Wednesday, August 21, 2013

Tuesday, February 23, 2010

PIM Manfesto

Personal Information Manager Manifesto

A manifesto is a declaration of principles. It may sound grandiose, but this declaration of principles is important to me because it is the distillation of at least 7 years of thinking about what the future I want to create really is.

Principal: The PIM is an expression of how people live their lives.

The things users talk about in real life correspond to the things they manipulate in their PIM. For example if a person thinks in terms of anniversaries, holidays, meetings than those are the things they schedule rather than something called an event.

The actions users talk about in real life correspond to the actions they take in their PIM. If they think in terms of making and keeping promises than the PIM makes it possible to make and keep promises.

Principle: The PIM has a very minimalist design.

It displays what the user needs when it is needed rather than overwhelming them with all the information they might need.

Principal: The PIM is designed to use and make available connections between the things the user deals with.

The PIM makes available the connections between the data when the user needs them. It is easy for the user to lay out the communities in their lives the way they think of them. Adding and subtracting people from a community should be easy.

Principal: The PIM allows users to recognize what is available from where they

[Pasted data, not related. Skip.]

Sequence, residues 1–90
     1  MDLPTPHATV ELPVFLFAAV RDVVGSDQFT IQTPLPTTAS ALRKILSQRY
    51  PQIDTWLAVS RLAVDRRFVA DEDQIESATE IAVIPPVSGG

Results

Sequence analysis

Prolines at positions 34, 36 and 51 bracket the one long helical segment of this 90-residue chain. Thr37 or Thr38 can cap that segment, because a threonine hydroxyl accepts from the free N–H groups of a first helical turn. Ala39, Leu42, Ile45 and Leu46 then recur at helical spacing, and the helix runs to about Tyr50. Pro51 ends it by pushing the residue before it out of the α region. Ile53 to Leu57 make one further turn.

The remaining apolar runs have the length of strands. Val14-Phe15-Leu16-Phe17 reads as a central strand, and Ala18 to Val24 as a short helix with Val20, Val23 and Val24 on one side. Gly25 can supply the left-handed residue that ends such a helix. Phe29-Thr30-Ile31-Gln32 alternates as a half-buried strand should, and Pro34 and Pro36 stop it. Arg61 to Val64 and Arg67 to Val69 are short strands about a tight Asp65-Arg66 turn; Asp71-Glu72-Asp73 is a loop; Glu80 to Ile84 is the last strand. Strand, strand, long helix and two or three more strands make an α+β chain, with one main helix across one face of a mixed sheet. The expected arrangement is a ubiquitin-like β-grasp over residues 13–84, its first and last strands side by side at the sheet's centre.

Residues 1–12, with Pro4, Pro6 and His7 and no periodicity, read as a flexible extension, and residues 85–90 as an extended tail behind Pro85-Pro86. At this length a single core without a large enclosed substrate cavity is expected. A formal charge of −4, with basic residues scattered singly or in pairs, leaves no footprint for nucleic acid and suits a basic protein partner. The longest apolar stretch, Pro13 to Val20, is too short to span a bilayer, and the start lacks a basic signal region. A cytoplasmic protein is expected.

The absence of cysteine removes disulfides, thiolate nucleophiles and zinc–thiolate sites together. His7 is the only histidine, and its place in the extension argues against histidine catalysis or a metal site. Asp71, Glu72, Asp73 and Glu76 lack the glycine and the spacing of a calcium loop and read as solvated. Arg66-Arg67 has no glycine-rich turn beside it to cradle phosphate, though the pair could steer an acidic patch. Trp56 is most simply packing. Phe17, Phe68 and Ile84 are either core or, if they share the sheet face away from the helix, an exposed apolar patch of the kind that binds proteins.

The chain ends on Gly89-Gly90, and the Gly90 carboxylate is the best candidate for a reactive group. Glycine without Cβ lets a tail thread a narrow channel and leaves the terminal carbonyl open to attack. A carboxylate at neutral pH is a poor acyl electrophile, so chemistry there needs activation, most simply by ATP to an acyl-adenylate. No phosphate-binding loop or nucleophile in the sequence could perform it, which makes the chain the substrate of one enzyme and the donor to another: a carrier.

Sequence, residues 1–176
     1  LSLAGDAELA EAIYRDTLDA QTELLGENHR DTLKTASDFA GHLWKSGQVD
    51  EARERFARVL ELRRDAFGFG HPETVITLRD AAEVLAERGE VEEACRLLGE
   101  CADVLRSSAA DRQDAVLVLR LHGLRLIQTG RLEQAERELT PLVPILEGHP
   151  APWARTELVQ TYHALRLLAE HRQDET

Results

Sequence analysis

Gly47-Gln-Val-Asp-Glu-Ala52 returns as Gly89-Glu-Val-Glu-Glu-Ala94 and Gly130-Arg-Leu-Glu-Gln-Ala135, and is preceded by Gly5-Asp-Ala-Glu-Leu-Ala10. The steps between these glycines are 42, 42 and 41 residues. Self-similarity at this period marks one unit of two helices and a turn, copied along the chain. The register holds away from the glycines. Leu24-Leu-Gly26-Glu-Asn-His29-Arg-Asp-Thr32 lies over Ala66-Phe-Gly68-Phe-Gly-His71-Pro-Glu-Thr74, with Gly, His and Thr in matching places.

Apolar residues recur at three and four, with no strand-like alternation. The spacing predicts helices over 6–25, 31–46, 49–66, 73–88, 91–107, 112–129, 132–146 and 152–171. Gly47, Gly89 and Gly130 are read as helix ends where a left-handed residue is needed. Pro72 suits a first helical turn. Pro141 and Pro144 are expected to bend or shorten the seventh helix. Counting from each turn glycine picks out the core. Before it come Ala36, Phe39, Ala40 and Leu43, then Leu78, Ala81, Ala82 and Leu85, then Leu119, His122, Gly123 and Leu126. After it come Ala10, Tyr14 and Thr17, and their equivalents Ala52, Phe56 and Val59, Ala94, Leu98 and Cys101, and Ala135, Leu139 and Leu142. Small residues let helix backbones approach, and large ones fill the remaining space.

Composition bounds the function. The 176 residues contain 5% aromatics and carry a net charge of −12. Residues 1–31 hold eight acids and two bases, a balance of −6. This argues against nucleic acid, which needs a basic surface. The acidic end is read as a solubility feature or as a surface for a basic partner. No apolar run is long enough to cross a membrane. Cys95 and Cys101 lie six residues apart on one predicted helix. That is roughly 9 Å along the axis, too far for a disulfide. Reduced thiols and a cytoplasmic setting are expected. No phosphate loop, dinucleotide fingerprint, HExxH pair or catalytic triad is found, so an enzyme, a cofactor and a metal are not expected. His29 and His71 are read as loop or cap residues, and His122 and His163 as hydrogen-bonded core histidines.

are rather than remembering.

Having the user be able to get the information they need when they need it and recognize its availability rather than remember where it would be.

I will probably add to or simplify this over time but I wanted to get it down in writing and out there.

Thursday, January 7, 2010

Going Mobile

For years now I have had a love-hate relationship with mobile PDAs. My first Palm Pilot (I vaguely remember that it was sometime in the 90s) was a revelation! It was simple and straightforward and while it didn't do huge amounts; what it did, it did well.

Unfortunately, as my scheduling needs grew, the Palm's did not. Multiple calendars were just not in the cards and synchronization via WiFi never seemed to work out.

Eventually, I gave up on the Palm devices and my wife gifted me with a Dell Axim. And I started a different love-hate relationship. Well, mostly hate. It is a Microsoft-based device after all. This meant I dealt with crashes and the necessity of clicking many things many times to get to where I wanted to go.